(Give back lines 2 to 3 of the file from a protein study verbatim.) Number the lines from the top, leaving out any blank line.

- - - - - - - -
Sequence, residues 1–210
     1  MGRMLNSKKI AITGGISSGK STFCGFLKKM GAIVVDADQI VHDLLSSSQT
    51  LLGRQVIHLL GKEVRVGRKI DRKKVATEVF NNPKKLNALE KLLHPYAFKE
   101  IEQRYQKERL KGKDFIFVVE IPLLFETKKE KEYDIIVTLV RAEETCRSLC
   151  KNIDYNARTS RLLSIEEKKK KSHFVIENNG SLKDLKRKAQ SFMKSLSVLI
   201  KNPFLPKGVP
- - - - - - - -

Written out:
     1  MGRMLNSKKI AITGGISSGK STFCGFLKKM GAIVVDADQI VHDLLSSSQT
    51  LLGRQVIHLL GKEVRVGRKI DRKKVATEVF NNPKKLNALE KLLHPYAFKE